22/10/2015 13:24 BST | Updated 22/10/2015 18:59 BST

South London Café F***offee Told To Take Down 'Offensive' Sign Or Be Taken To Court

A coffee shop in South London has been told by lawyers that it must remove its "offensive" sign or face being taken to court.

UPDATE: 'Fuckoffee' will change name but goes down fighting

The managers of Bermondsey café 'Fuckoffee' have received a legal letter on behalf of their building's landlord - despite the sign having been in place for over a year.

The letter warns that unless they "immediately" remove the sign the building owners will remove it themselves or seek a court injunction to have it taken down.


The "offensive" sign

Fuckoffee responded by tweeting a picture of the letter saying "No humour please, we're British".

The letter, dated 20 October, says: “We are instructed that you have either erected or allowed your sub-tenant to erect an offensive sign on the exterior of the building… without the permission or authority of our client and this constitutes a trespass."

It demands that the 'Fuckoffee' sign above the shop front be taken down, or "our client will have no option but to remove the sign themselves or issue court proceedings seeking an injunction requiring you to remove the sign.”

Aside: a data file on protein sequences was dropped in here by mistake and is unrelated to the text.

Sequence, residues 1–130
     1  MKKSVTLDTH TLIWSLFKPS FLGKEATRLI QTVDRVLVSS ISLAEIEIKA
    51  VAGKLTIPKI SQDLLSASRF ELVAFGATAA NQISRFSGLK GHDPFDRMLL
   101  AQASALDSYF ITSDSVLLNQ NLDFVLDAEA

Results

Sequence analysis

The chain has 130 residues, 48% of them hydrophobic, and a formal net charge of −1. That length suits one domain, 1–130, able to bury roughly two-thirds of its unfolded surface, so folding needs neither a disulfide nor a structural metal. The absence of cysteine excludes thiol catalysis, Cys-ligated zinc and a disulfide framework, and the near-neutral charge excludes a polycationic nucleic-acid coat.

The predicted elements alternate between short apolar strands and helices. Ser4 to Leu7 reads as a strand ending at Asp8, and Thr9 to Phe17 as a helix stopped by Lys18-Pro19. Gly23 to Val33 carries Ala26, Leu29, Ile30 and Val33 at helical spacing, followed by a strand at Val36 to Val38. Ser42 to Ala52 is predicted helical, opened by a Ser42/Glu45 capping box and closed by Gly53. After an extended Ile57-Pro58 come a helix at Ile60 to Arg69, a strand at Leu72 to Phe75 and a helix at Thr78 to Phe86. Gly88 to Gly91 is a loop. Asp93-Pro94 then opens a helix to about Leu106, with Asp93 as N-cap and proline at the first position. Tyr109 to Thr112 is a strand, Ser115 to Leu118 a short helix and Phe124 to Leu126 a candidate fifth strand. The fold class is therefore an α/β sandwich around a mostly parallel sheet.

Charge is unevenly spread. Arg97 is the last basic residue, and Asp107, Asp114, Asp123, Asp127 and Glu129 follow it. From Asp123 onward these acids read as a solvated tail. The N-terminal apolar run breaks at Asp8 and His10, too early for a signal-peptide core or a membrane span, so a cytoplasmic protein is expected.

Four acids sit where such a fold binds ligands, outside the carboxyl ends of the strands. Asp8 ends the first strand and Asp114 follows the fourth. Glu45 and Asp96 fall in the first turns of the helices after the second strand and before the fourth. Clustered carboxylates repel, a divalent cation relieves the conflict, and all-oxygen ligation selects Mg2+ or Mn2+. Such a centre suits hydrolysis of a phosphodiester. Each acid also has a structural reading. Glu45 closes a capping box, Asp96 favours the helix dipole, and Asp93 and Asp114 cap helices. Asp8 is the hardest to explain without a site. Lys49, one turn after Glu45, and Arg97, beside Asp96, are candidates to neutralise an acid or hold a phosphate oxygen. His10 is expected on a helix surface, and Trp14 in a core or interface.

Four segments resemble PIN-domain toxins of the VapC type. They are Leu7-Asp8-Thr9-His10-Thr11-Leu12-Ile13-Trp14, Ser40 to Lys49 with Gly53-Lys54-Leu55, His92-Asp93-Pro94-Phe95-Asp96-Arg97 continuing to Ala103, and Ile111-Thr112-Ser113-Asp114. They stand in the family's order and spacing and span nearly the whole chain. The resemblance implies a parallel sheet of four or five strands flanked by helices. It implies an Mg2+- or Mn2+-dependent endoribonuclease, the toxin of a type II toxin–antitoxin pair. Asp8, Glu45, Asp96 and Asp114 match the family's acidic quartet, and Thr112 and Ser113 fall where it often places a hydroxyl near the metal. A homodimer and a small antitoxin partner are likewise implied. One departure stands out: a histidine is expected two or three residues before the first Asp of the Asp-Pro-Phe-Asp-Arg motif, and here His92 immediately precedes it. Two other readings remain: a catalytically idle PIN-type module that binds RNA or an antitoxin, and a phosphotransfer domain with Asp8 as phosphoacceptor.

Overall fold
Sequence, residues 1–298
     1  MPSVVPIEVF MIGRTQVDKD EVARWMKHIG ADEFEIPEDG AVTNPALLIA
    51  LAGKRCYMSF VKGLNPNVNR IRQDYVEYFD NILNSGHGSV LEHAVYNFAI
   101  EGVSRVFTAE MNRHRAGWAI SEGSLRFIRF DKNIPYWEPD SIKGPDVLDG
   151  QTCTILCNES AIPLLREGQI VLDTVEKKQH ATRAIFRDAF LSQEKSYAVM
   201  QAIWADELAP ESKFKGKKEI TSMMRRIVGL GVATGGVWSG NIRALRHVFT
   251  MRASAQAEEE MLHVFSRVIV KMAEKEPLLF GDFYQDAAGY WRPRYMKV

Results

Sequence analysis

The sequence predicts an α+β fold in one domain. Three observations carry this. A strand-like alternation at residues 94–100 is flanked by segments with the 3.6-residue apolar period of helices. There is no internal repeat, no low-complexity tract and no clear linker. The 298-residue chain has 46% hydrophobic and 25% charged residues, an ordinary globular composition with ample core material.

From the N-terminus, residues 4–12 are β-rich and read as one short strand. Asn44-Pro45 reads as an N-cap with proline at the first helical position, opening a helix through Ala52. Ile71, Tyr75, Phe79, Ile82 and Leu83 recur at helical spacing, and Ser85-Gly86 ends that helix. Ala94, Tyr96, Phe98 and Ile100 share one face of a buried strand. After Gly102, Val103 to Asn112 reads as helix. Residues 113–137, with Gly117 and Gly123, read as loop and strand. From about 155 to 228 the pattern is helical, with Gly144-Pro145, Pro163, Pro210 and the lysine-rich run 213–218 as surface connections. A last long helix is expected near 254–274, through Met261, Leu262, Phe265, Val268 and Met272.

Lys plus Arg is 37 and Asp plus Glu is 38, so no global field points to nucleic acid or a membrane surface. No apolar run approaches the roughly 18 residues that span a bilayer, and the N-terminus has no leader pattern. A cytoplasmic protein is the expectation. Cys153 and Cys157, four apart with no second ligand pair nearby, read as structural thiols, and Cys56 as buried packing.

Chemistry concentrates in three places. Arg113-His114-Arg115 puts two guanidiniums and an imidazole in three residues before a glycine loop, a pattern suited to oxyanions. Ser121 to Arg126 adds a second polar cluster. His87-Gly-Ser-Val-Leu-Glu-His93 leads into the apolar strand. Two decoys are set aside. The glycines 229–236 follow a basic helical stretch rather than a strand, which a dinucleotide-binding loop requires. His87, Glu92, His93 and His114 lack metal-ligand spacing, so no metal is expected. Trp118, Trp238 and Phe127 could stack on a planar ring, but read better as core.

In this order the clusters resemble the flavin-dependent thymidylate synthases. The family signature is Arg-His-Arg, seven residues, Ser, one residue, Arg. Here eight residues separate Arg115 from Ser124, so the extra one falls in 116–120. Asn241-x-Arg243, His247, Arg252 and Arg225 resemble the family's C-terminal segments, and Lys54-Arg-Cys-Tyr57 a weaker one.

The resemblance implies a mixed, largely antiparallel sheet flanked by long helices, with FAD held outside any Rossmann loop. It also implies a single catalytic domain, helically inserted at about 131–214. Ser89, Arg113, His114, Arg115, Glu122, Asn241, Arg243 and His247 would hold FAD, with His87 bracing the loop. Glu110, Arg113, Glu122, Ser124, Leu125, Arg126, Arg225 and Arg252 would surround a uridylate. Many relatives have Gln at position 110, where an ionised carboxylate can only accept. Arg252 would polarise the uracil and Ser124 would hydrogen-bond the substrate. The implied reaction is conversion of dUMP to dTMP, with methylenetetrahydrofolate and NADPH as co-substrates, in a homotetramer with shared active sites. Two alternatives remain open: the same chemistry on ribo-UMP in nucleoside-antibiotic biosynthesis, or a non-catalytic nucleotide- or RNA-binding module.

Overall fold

The letter also threatens that the landlords could cancel the coffee shop's lease.

Damian O'Brien, a ward councillor for the area, told the Evening Standard he liked the café but its sign had prompted complained from people living nearby, including some complaints to police.


People rallied to support the café, criticising its "humourless" landlords:

A petition has been launched, with 50 signatures at the time of writing, calling for support for the shop.

It reads: "There is a small, indie coffee shop in Bermondsey called Fuckoffee. They have had a few anally retentive and gormless people complain about their name and now they have their money grabbing corporate landlord demand they take the sign down as it is deemed to be "offensive".

"We, the undersigned, confirm we have a sense of humour and find the continued attack on our beloved Fuckoffee an insult to freedom of expression, freedom of speech and humour."

Fuckoffee also launched into a series of tweets ridiculing the legal letter, and suggesting other things that might be considered "offensive":

And some fans helpfully suggested new names it could try:

While another couldn't resist a good coffee joke:

Fuckoffee’s manager Adrian Jones was recently involved in controversy after a sign appeared outside another of his cafés nearby.

Brick Lane Coffee was photographed with a sign saying "Sorry no poor people". Jones told The Evening Standard that the words were graffiti.

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